Yesterday I emailed Louisa Wall, the MP who is best known for her stance on marriage equality, asking her if she would like to write a guest post. Louisa and I are on different sides of the political spectrum on many issues, but on the same side of this one. I am grateful that Louisa has the ability to look beyond our differences and agreed to provide a guest post.
I am happy to publish guest posts on from any politician from any political party, and will print their post in its entirety. I may comment if I disagree, but the original post will not be edited in any form.
Readers should feel free to comment as usual, though please remember that courtesy should be extended to guests. Reasoned, sensible arguments from any side of the debate on marriage equality are welcome. Inane abuse is not.
President Barack Obama’s support for same-sex marriage will hopefully inject momentum into the issue here. As Chair of Rainbow Labour Caucus I have been working on a Member’s bill amending the Marriage Act that I hope will be endorsed by Rainbow Labour and our Labour Caucus and placed in the ballot.
Our current Marriage Act does not define marriage as a union between one man and one woman and that is a distinction that we have from other countries like Australia and the United States. The Quilter majority decision of the Court of Appeal in the 1990s essentially passed the issue of same sex marriage back to Parliament because the Court believed the 1955 Marriage Act contemplated marriage in the traditional sense and any change that society wished to make should be done by legislation. The Court acknowledged the Act was discriminatory but justified it by virtue of the time that the Act was passed. Justice Thomas however expressed a minority view that the 1955 Act was discriminatory and could not be justified under the NZ Bill of Rights Act. However he accepted that the Bill of Rights Act could not strike down the discriminatory nature of the Marriage Act – in law they have the same status.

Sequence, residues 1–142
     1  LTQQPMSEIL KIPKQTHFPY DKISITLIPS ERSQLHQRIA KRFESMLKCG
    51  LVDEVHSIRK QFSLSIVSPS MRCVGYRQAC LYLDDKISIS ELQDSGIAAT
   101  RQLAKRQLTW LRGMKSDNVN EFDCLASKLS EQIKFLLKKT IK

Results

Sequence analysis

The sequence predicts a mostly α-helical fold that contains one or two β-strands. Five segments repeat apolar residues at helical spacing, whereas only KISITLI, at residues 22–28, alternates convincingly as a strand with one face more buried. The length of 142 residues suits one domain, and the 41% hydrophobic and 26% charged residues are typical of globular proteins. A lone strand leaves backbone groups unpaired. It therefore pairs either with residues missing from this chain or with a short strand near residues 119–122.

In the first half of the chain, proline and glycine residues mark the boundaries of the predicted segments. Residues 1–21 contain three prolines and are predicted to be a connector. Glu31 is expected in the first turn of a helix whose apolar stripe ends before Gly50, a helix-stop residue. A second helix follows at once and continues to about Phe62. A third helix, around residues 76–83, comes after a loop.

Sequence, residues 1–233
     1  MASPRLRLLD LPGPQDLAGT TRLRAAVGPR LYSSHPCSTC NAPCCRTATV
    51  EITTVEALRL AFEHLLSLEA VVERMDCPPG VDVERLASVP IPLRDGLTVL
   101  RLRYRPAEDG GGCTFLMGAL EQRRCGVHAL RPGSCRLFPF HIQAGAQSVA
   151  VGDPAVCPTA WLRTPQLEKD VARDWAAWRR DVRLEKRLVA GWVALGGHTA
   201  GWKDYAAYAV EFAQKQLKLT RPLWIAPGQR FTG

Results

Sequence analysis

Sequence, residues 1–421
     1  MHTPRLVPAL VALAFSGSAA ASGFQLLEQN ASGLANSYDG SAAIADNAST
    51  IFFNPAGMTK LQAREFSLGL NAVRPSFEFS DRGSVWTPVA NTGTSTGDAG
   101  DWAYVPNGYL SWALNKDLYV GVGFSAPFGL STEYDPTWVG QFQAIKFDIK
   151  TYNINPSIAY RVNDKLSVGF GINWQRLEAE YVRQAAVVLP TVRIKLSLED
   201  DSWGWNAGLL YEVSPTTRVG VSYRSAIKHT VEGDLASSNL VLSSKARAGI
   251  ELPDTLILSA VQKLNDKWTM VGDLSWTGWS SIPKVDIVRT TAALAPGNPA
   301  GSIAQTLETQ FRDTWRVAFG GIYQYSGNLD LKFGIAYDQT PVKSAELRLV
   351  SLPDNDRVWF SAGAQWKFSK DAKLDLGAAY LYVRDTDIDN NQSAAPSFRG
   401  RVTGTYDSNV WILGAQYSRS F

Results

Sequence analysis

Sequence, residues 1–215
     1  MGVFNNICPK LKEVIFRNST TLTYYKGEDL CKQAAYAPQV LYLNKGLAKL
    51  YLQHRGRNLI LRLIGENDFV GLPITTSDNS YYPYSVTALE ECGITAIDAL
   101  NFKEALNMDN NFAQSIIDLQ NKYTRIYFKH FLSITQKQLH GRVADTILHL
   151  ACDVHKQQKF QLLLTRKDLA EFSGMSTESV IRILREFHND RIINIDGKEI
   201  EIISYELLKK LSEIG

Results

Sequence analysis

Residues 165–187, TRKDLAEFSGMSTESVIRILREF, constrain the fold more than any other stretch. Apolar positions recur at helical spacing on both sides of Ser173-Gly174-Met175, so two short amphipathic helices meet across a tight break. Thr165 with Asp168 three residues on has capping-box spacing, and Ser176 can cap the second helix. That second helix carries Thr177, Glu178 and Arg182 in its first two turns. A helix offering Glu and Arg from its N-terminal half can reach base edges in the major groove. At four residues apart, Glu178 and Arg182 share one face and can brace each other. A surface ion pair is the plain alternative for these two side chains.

Our response in Aotearoa was the Civil Union Act 2004 which established civil unions for same-sex and opposite sex couples. I believe the experience of civil unions has resulted in what I see as a greater acceptance of same-sex marriage today. Civil unions are a validly accepted institution amongst most people and one used by heterosexual couples as well. Essentially same-sex marriage along with same-sex adoption remain the issues that need to be addressed before we can say there is substantive equality in Aotearoa for the rainbow community.
Marriage for some same-sex couples is the preferred way for them to commit themselves to another person. For others, both same-sex and opposite sex, their commitment is best expressed by a civil union. Currently opposite sex couples can exercise either option but same-sex couples can only avail themselves of a civil union. That is discriminatory and breaches the basic human rights of a group of people based on their sexual orientation.
What I admire about President Obama’s public position is his ability to acknowledge that at a personal level, given his religious beliefs, it is not something that sits too comfortably with him but, at a moral level, and bearing in mind a commitment to equality and embodied in the constitution of the USA he cannot oppose same-sex marriage. I believe we all need to consider this matter in terms of equality and not our personal beliefs. In doing that no rational person could in my view oppose all people, regardless of their sexual orientation, having the same legal rights and ability to choose for themselves how they express their commitment and love for another person.